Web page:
On Friday, 3 April 2020 at 2:15 p.m. in UT Physicum lecture hall B103 (W. Ostwaldi 1, Tartu)
Oliver Shorttle (University of Cambridge)
Tracing volatiles from protoplanetary disks through to planets
Elements such as carbon, sulfur, and oxygen, have key roles throughout the planet formation process and during subsequent planetary evolution. They are major reservoirs of mass in protoplanetary disks, affecting gas and grain dynamics; they have active roles in planetary differentiation, forming major components of planetary cores, affecting the budget of highly siderophile elements, and enabling the formation of continental crust; and they are bioessential, being necessary components of all known life, and lying at the heart of atmosphere/hydrosphere cycles that sustain a habitable planet. In this talk we combine astrophysical observations of stellar accretion processes with geological observations of volcanic eruption products to trace sulfur and carbon from planet formation into the deep Earth.
Oliver Shorttle holds a joint position between the Earth Sciences and Astronomy departments at the University of Cambridge as an Associate Professor. His background is in Earth Sciences, investigating the fundamental chemical cycles that emerge on planets connecting their deep interiors to their atmospheres and oceans. His research on exoplanets focuses on how geology may manifest in exoplanet atmospheres, how planets emerge from their formation as habitable worlds, and what the initial conditions are for geochemistry to turn into biochemistry.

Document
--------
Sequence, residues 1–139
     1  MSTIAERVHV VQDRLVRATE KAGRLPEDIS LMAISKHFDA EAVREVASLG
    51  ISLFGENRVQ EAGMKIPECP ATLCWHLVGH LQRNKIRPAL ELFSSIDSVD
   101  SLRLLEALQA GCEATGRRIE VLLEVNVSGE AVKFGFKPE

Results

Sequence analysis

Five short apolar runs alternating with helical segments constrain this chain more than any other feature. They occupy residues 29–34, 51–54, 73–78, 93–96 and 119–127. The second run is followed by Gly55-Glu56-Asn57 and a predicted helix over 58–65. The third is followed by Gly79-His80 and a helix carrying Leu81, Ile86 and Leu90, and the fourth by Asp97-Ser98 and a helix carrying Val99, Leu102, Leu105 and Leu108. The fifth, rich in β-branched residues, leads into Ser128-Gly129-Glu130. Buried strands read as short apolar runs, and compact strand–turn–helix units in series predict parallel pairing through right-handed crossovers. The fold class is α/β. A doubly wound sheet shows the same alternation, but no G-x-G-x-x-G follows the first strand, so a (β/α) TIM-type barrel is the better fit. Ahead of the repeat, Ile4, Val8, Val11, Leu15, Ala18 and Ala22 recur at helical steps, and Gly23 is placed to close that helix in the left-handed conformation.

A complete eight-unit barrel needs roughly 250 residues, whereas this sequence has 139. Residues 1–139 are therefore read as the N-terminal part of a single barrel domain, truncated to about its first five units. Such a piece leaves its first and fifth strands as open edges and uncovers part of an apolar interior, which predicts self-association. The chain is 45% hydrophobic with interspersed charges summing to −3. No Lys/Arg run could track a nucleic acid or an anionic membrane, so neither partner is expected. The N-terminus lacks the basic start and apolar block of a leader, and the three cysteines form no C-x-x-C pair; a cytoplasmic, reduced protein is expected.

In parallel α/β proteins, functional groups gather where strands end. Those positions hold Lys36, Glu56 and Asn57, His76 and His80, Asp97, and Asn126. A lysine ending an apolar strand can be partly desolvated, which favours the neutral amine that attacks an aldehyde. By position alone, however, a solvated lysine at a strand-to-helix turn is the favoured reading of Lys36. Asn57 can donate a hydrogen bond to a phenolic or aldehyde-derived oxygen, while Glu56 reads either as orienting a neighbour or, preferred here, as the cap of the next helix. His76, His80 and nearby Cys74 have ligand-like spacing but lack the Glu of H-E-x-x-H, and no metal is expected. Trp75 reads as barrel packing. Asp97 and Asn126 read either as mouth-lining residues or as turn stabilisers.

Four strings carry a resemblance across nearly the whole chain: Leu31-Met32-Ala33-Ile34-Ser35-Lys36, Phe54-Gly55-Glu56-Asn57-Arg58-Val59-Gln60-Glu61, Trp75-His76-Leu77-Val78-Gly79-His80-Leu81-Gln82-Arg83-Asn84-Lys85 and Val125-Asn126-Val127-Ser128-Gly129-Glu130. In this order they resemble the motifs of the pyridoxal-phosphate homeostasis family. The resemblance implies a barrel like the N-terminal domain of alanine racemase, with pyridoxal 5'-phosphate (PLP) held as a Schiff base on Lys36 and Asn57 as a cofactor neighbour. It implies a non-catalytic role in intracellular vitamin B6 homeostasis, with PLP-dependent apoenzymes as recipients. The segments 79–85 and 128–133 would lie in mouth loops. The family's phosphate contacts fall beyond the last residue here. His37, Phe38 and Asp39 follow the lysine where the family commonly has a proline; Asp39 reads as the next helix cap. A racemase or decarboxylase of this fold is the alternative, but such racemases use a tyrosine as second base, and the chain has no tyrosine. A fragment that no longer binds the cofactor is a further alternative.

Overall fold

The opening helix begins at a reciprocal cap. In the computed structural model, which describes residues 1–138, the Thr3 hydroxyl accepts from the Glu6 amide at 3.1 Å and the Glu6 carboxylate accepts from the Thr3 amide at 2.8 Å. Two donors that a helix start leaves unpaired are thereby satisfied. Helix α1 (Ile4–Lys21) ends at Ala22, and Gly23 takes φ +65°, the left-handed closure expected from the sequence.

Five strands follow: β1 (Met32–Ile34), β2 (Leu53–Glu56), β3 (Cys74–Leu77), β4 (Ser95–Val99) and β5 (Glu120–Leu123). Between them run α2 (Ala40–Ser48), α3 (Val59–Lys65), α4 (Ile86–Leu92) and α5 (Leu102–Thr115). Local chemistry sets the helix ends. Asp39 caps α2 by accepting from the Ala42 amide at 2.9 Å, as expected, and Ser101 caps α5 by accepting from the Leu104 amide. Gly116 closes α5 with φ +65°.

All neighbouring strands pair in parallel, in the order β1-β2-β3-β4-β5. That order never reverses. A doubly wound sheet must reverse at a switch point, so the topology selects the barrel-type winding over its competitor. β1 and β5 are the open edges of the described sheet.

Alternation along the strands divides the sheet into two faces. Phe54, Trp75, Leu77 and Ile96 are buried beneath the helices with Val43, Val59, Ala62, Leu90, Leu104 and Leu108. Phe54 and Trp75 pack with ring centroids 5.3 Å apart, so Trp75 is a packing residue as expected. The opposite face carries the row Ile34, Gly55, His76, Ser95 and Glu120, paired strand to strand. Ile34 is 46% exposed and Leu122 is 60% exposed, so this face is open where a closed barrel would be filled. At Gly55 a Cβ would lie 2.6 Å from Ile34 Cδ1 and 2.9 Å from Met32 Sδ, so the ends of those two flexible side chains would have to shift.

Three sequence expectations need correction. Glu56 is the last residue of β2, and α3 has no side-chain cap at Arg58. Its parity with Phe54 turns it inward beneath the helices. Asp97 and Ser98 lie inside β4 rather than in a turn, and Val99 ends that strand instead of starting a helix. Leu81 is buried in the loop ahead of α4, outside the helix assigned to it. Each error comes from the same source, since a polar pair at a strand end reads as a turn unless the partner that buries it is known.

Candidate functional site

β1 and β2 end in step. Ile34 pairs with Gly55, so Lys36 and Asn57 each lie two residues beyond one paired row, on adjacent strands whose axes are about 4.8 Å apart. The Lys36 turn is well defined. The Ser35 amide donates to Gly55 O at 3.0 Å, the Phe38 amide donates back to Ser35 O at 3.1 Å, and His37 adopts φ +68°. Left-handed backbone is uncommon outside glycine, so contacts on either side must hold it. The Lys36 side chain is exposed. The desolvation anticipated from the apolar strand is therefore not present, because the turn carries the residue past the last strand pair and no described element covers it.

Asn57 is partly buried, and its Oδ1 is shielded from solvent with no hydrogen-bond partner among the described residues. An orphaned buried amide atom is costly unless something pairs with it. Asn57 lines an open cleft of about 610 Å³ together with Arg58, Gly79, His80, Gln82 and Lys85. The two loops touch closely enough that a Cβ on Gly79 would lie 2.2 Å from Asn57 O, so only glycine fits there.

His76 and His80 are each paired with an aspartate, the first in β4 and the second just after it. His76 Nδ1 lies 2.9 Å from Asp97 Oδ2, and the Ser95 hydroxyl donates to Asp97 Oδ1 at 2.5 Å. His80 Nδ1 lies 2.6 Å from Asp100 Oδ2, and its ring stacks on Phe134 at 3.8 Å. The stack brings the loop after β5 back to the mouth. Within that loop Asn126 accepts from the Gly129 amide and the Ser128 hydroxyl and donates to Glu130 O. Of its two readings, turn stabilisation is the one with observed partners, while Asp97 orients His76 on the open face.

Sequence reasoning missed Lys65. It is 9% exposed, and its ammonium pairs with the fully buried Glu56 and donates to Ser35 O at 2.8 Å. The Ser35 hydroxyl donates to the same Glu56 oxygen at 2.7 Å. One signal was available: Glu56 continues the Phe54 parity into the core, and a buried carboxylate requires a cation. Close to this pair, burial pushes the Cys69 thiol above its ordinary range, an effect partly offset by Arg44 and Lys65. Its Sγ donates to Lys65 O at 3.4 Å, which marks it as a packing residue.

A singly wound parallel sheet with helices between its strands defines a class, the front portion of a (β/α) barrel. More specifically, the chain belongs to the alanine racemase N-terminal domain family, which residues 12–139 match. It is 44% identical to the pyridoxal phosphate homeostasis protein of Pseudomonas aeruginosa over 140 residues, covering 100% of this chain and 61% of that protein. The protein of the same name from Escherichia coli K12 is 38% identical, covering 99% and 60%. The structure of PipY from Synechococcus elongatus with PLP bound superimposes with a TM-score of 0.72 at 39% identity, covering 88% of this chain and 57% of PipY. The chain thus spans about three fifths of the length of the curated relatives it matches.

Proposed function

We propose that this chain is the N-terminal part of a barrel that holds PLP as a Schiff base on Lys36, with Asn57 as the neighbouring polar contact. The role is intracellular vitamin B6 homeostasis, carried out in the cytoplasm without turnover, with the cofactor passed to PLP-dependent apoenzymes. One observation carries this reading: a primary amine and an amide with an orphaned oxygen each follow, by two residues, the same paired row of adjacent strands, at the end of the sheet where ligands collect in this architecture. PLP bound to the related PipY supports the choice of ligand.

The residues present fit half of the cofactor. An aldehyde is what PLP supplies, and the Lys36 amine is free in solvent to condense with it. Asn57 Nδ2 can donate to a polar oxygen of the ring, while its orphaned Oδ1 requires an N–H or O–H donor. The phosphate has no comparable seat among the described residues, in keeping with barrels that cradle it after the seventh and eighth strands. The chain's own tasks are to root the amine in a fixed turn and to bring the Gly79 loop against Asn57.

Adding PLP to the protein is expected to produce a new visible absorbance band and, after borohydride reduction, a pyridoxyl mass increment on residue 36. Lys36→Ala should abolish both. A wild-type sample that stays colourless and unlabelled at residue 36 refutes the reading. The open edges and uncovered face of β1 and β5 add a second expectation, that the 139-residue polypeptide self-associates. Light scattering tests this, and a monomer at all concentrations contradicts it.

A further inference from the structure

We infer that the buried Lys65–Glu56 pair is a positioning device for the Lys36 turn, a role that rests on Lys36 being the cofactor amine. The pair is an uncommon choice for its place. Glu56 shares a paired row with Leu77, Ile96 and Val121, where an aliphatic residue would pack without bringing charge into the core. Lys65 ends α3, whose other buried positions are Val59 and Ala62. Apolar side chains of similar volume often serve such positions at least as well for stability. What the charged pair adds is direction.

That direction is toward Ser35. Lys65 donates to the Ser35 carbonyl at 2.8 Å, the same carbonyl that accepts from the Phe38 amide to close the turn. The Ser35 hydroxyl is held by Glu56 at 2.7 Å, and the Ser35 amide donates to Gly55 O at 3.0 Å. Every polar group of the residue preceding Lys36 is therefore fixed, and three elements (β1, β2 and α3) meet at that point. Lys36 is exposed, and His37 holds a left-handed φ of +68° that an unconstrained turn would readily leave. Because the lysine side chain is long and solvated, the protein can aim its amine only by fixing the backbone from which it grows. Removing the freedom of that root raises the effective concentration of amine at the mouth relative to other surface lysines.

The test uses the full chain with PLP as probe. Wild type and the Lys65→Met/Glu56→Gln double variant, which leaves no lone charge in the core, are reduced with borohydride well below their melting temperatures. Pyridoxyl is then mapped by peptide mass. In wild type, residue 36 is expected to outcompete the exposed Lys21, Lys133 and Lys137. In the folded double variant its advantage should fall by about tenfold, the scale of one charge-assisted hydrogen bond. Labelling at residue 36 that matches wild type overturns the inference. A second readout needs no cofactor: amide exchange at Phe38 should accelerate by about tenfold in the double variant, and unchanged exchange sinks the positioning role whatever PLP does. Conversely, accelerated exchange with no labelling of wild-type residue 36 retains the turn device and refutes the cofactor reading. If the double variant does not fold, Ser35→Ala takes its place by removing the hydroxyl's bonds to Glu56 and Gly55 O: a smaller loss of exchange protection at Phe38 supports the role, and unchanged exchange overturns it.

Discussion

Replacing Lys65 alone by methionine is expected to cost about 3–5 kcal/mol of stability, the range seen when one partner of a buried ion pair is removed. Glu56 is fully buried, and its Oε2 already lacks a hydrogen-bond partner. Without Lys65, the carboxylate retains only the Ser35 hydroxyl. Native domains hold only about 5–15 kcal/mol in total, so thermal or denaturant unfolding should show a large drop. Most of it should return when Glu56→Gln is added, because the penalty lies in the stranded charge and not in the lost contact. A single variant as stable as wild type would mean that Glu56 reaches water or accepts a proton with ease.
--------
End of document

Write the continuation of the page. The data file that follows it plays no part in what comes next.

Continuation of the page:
The Physicum seminars are meant for a broad auditorium of physicists and materials scientists, as well as for interested people from other natural and exact sciences (including bacheleor level students) and aim at introducing what is important and new in a certain field, or where a specific reasearch direction has reached today.
Everybody is welcome to attend.